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'[EE]: 15 amp power supply.'
2001\05\16@022256 by Peter Grey

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I need to drive some equipment that requires 12 volts (car battery) at 14
amps. Initially it will require 10 amps while heating and then
intermittently to maintain temperature on the heaters. I want to have
something external to the equipment and preferably UL approved. I would
prefer if it was available in the USA but this is not essential. Of course
cost is, as always, a major consideration.


Any ideas.

TIA,

Peter

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2001\05\16@023104 by Arpit

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Try a 400 wat computer psu

On Wed, 16 May 2001 14:13:59 +0800, you wrote:

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2001\05\16@024629 by Chris Carr

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Arpit replied


>Try a 400 wat computer psu

Assuming you mean a PSU for a PC, I fail to see how this will provide a
solution. Please provide more details.

Regards

Chris Carr

>>I need to drive some equipment that requires 12 volts (car battery) at 14
>>amps. Initially it will require 10 amps while heating and then
>>intermittently to maintain temperature on the heaters. I want to have
>>something external to the equipment and preferably UL approved. I would
>>prefer if it was available in the USA but this is not essential. Of course
>>cost is, as always, a major consideration.
>>

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2001\05\16@030839 by Vasile Surducan

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45Ah acid battery, car tools from car battery.

On Wed, 16 May 2001, Peter Grey wrote:

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2001\05\16@032404 by Bill Westfield

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> I need to drive some equipment that requires 12 volts (car battery) at 14
> amps. Initially it will require 10 amps while heating and then
> intermittently to maintain temperature on the heaters. I want to have
> something external to the equipment and preferably UL approved.

"Consumer" high current power supplies at "car" voltage (12 to 13.8V) are
pretty commonly available - check "ham radio" suppliers.  For instance:

http://www.robotbuilders.net/B9/retail_suppliers/astron/astron.html

BillW

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2001\05\16@090619 by Olin Lathrop

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> I need to drive some equipment that requires 12 volts (car battery) at 14
> amps. Initially it will require 10 amps while heating and then
> intermittently to maintain temperature on the heaters. I want to have
> something external to the equipment and preferably UL approved. I would
> prefer if it was available in the USA but this is not essential. Of course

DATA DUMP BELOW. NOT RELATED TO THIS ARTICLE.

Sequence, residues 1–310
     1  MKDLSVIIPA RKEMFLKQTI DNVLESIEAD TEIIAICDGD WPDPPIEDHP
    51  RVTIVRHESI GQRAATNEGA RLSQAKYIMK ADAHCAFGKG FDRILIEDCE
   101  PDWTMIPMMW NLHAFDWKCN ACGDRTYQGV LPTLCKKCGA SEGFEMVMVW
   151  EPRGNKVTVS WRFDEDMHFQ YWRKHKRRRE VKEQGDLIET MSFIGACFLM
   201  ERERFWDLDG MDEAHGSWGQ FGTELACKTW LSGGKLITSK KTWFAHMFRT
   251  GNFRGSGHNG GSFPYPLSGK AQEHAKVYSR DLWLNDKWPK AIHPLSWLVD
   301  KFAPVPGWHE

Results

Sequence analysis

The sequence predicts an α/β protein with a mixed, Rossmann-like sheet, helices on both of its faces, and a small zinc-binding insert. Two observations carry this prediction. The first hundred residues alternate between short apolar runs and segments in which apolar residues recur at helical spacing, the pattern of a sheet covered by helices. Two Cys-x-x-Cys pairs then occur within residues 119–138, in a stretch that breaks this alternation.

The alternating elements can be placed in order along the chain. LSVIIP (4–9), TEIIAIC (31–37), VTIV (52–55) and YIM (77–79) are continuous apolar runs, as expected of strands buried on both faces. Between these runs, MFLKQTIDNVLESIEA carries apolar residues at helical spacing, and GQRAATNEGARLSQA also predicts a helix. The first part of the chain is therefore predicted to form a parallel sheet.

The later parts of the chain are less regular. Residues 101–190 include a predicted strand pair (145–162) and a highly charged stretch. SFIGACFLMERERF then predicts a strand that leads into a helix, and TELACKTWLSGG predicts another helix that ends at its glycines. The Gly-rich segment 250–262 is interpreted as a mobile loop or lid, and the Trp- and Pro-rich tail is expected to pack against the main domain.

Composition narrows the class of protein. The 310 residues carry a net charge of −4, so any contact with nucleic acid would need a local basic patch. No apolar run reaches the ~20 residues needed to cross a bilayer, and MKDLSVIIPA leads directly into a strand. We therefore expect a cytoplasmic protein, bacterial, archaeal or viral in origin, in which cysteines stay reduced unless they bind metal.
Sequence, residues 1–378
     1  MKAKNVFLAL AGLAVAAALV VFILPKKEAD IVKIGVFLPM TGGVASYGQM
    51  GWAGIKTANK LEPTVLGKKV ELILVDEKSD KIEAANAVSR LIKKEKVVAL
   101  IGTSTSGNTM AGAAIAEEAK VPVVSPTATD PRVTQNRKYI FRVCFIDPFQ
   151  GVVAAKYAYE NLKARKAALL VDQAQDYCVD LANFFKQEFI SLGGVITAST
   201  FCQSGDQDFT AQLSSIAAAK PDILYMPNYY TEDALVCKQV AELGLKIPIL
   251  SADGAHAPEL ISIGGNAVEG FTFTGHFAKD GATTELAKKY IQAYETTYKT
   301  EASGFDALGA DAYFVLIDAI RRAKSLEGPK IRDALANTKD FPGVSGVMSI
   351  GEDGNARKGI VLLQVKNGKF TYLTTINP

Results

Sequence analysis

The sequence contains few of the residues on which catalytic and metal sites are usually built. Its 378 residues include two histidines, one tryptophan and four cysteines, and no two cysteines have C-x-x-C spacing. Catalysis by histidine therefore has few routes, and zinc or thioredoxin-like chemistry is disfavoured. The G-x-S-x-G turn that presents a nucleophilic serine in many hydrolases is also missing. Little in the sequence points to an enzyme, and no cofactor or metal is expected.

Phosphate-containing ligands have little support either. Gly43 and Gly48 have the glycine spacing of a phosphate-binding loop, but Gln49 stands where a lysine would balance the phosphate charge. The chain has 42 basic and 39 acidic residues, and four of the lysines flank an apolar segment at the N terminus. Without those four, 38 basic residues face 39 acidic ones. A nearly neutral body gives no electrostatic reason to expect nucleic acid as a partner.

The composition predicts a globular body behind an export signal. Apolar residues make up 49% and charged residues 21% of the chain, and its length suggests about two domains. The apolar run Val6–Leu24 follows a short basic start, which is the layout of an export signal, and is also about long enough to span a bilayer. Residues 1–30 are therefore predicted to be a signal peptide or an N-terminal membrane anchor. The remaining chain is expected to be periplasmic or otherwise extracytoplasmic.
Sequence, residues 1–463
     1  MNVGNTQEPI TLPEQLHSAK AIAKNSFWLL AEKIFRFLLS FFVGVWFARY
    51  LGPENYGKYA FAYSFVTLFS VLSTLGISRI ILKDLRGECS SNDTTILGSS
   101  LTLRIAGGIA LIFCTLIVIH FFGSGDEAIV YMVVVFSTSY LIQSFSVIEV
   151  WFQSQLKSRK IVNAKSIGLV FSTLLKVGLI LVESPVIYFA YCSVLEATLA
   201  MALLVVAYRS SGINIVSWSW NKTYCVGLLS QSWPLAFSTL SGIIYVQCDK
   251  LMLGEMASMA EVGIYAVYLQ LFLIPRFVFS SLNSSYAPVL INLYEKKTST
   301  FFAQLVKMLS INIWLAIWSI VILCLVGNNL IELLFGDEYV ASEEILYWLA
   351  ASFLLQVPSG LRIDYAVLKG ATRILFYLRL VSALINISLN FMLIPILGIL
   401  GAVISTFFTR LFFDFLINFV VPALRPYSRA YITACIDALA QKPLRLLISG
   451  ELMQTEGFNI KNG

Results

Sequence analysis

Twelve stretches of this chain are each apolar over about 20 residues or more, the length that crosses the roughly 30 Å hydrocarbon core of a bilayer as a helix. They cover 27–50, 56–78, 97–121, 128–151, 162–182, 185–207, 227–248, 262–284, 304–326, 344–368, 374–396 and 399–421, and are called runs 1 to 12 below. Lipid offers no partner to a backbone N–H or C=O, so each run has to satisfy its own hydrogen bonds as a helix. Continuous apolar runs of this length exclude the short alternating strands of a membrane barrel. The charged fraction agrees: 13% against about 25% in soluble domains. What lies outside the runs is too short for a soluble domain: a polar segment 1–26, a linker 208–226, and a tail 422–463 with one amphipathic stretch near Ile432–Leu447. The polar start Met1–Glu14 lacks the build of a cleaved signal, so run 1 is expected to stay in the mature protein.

> cost is, as always, a major consideration.

I don't undertand the problem, just connect it to the battery.  All you need
is some 12 gauge wire.  Car batteries have no problem with 14A, although you
don't want to do this for many hours without the engine running to charge
the battery.

If you want to run your equipment from 110V AC, you can get "car battery
chargers" at Radio Shack and other places.  I have one here that plugs into
a normal AC outlet and produces 14.3V at 10A.  It has a cigarette lighter
socket and binding posts for outputs.  I imagine there are 15A models.


********************************************************************
Olin Lathrop, embedded systems consultant in Littleton Massachusetts
(978) 742-9014, @spam@olinKILLspamspamembedinc.com, http://www.embedinc.com

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2001\05\16@125010 by Chris Carr

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Peter Grey wrote

> I need to drive some equipment that requires 12 volts (car battery) at 14
> amps. Initially it will require 10 amps while heating and then
> intermittently to maintain temperature on the heaters. I want to have
> something external to the equipment and preferably UL approved. I would
> prefer if it was available in the USA but this is not essential. Of course
> cost is, as always, a major consideration.
>

A 12 volt car battery with a 5 to 7 Amp charger. (Charger sized to top up
battery when not supplying load)

Or look for Amateur Radio Suppliers. They stock 13.8 volt power supplies
for powering Amateur Radio Equipment.

Regards
Chris Carr

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2001\05\16@195027 by Peter Grey

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At 07:21 AM 5/16/2001 -0400, you wrote:

I really did not explain this too well. I need to have something powered
from the mains voltage - 110VAC in the USA. I understand that now days most
power supplies will operate from about 100 to 260 volts AC. I am currently
using a car battery and a customer has said they want to operate it
indoors. This makes it awkward dragging a battery around.

Thanks,

Peter
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2001\05\16@204345 by David Huisman

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Peter,

Try http://www.logitekinc.com/oldindex.htm

They have a range of Switchmode power supplies that go up to 300W.

Also can search web for "switch mode power supplies", there are heaps of
them in the US that would be 110VAC powered, 12V at over 170VA that you
require.

Regards

David Huisman

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2001\05\16@211006 by Peter Grey

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At 10:27 AM 5/17/2001 +1000, you wrote:

Thanks to all for the suggestions on the power supply. I have found one at
a reasonable cost (Astron Corporation) and am getting one over to have a
look.

Peter
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